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I think I am missing something

In the last couple of days, I have been seeing lots of potentially
useful discussion on how difficult it is to change various programs or
dialects to fit various conventions.  However I was also interested to
see why one would want to change from the hallowed definitions of T and
NIL in the first place. One of the messages yesterday had what seemed at
first to be a good justification, and at least one person has made
comments in passing today that seem to indicate they were thinking the
same thing.  But I have a problem with it. The justification, as I
understand it, is that currently NIL is overloaded, and thus leads to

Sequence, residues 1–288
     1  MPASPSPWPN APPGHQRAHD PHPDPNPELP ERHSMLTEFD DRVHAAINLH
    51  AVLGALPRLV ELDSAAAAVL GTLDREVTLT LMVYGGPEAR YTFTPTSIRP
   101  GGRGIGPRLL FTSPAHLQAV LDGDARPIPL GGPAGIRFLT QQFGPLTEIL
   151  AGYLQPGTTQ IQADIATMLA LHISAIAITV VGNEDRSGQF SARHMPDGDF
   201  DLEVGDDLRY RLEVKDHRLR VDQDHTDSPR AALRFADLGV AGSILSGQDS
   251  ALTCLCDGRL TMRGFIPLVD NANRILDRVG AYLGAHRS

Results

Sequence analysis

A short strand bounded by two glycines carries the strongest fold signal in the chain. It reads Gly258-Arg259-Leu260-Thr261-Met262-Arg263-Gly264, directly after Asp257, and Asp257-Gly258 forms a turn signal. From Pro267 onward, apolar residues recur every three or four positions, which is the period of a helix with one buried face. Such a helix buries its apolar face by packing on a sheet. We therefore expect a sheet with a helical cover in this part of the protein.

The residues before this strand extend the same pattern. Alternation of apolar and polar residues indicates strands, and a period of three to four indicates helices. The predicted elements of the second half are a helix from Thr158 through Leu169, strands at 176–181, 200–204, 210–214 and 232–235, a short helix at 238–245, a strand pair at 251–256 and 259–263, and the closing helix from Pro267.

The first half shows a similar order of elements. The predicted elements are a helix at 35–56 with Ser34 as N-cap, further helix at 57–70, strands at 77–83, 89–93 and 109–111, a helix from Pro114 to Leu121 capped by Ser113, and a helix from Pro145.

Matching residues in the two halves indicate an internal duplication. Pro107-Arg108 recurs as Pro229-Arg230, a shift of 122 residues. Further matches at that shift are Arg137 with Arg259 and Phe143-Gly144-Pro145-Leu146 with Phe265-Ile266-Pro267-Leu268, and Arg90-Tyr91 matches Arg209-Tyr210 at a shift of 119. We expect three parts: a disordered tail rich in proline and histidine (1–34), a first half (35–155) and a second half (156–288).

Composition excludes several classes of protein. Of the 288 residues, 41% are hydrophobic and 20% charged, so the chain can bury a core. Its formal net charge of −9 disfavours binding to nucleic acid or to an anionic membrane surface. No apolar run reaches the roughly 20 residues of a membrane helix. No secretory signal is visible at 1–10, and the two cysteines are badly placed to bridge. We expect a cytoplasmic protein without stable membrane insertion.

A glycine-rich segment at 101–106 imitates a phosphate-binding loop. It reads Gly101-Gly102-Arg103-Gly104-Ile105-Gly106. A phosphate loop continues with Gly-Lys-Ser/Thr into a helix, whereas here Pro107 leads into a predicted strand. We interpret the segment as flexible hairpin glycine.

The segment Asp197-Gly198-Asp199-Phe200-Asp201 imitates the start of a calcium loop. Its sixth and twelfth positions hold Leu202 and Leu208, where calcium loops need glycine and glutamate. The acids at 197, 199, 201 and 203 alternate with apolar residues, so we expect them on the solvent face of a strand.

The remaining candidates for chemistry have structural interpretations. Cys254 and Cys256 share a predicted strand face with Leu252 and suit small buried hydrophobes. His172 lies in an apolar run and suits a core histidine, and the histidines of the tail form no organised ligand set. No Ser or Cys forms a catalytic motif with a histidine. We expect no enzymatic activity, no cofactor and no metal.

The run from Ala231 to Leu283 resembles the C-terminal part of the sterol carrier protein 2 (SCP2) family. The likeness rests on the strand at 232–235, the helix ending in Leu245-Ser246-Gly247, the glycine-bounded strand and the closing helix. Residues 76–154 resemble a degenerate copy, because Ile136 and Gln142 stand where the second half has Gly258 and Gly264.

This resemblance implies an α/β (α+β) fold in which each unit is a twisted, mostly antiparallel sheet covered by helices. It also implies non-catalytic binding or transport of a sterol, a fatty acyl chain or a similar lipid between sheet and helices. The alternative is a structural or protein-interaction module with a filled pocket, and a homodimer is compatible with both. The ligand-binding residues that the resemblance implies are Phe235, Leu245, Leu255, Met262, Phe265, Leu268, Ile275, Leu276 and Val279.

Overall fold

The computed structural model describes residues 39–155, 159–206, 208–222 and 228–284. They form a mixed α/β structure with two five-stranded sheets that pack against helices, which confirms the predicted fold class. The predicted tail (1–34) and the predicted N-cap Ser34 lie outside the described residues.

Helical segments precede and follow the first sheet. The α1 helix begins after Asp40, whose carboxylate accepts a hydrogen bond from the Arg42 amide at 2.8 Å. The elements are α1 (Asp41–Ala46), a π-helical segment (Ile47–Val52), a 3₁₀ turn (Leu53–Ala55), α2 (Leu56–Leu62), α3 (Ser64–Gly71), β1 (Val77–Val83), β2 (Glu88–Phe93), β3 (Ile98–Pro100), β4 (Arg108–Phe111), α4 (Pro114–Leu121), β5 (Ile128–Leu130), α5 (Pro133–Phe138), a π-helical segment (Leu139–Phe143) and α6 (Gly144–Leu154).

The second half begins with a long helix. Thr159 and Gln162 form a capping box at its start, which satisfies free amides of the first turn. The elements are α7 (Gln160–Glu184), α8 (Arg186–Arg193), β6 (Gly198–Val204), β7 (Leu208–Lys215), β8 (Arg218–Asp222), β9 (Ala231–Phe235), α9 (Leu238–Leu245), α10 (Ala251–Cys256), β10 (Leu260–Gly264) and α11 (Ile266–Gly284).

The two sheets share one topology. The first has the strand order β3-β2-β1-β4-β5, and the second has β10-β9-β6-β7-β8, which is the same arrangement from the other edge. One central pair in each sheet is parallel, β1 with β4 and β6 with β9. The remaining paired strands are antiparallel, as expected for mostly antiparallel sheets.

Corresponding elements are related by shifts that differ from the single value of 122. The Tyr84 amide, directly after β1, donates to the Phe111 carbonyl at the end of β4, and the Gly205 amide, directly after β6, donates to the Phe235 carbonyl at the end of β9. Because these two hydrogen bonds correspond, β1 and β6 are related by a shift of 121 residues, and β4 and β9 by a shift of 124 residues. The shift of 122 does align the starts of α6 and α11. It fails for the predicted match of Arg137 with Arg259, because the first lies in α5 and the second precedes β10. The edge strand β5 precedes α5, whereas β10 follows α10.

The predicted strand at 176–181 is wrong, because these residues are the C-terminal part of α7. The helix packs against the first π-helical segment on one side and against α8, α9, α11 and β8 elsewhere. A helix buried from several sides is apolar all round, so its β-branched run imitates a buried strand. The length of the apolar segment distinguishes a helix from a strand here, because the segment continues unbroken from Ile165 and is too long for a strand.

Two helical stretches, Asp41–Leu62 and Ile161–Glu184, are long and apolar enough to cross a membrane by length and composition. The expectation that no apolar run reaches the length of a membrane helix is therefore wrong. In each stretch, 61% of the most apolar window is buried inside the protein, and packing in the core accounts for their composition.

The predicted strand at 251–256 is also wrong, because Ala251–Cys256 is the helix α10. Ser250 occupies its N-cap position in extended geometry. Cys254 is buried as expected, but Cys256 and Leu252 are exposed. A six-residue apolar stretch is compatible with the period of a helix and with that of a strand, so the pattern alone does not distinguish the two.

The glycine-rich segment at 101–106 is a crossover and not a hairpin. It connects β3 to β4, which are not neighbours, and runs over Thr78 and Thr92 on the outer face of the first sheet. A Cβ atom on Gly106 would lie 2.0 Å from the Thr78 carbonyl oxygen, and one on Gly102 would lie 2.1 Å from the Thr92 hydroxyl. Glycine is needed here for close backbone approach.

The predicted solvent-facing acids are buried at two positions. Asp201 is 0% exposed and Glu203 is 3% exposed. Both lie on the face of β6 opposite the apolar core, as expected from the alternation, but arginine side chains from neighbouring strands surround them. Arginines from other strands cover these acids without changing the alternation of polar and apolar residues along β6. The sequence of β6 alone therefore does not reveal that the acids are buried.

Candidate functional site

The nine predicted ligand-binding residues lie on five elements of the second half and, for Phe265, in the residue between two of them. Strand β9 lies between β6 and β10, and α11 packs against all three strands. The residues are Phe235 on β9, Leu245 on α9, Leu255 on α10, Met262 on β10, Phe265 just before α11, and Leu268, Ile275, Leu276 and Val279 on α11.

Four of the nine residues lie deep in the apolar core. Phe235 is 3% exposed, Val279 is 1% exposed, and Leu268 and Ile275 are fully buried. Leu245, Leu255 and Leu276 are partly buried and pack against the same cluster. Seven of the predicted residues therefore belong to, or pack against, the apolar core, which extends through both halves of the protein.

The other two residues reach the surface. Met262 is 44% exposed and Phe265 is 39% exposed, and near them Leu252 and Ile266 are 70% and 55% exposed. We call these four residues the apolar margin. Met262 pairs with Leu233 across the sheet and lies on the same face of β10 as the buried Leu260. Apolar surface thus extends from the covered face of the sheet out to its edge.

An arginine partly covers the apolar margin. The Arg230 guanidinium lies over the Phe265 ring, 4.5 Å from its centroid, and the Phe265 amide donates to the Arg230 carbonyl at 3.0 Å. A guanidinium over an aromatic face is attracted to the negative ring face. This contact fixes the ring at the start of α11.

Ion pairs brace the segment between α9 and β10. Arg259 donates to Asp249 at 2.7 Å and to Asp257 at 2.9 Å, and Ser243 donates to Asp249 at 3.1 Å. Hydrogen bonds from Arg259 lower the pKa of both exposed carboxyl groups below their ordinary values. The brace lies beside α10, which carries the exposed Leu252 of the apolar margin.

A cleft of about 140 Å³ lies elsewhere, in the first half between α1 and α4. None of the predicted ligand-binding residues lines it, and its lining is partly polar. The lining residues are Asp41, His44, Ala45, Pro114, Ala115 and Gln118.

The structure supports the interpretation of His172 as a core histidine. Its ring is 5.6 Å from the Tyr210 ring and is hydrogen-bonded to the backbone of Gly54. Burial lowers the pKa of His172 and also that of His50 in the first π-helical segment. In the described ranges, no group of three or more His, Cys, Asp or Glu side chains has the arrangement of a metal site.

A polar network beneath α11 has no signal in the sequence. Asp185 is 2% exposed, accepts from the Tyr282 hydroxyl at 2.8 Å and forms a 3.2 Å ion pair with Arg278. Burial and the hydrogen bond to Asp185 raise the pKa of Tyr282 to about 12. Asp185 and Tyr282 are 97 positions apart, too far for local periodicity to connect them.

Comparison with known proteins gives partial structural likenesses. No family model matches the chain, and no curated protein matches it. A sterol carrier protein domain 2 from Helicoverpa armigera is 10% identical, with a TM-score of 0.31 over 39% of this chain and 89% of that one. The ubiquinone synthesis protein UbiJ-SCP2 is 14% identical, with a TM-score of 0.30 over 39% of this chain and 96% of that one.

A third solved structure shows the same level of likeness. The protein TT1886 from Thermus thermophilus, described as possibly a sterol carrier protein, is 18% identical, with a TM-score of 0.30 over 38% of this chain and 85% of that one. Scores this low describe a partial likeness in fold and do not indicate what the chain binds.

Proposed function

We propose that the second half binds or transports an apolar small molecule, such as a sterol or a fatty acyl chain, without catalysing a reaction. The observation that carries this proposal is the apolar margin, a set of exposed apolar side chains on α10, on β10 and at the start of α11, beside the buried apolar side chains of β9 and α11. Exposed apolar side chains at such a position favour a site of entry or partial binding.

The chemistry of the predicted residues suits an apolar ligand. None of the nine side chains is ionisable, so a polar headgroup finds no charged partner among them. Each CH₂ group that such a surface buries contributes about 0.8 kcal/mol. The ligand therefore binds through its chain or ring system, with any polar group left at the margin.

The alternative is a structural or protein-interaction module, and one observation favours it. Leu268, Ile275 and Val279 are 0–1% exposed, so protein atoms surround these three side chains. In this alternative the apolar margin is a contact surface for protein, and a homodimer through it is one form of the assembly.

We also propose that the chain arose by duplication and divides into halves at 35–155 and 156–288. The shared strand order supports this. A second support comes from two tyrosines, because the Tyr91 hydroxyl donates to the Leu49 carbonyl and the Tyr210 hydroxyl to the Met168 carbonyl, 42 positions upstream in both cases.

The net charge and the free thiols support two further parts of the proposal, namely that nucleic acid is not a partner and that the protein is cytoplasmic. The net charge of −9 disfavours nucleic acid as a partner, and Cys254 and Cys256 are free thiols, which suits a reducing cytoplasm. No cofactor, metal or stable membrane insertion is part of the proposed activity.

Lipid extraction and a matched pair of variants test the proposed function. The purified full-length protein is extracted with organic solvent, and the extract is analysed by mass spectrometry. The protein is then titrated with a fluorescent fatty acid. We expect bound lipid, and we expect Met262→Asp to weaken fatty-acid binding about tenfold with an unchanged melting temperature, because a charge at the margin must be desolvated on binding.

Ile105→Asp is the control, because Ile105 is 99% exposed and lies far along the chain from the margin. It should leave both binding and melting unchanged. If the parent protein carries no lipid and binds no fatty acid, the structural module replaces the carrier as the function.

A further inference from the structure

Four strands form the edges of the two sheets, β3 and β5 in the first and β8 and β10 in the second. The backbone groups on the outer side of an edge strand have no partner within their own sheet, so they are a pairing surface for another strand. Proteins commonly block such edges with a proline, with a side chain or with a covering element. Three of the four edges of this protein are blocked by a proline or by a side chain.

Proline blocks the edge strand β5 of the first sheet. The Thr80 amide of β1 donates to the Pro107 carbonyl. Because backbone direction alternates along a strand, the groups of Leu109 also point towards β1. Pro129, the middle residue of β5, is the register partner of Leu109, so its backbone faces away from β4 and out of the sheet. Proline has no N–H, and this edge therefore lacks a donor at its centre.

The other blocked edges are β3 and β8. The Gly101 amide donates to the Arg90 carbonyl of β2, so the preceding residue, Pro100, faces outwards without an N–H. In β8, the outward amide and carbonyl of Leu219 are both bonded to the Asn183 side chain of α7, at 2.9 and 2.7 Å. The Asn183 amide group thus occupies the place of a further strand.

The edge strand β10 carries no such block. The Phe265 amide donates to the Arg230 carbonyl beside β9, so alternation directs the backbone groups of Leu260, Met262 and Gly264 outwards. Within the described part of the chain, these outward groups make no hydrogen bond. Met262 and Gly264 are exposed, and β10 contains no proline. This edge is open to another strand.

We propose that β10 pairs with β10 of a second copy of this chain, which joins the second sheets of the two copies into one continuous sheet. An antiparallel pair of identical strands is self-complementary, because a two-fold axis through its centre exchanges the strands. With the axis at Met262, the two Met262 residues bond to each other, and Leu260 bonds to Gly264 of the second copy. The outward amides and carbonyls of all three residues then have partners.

ambiguities.  The most common one is when you say (GET 'FOO), you get
back NIL, and you don't know whether this means there is no FOO
property, or there is one and its value is NIL.  I agree that this is
annoying.  However as I understand the proposal, () is going to be used
for both the empty list and Boolean false.  If so, I don't understand
how this resolves the ambiguity.  As far as I can see, the new symbol
NIL is going to be useless, except that it will help old code such as
(RETURN NIL) to work. Basically everybody is now going to use () where
they used to use NIL. As far as I can see, the same ambiguity is going
to be there.  Under the new system, FOO is just as likely to have a
value of () as it was to have a value of NIL under the old system, so I
still can't tell what is going on if (GET 'FOO) returns ().  Even if you
separate the two functions, and have a () and a #FALSE (the canonical
object indicating falsity), something that would break *very* large
amounts of code, I would think there would be a reasonable number of
applications where properties would have Boolean values.  So (GET 'FOO)
would still sometimes return #FA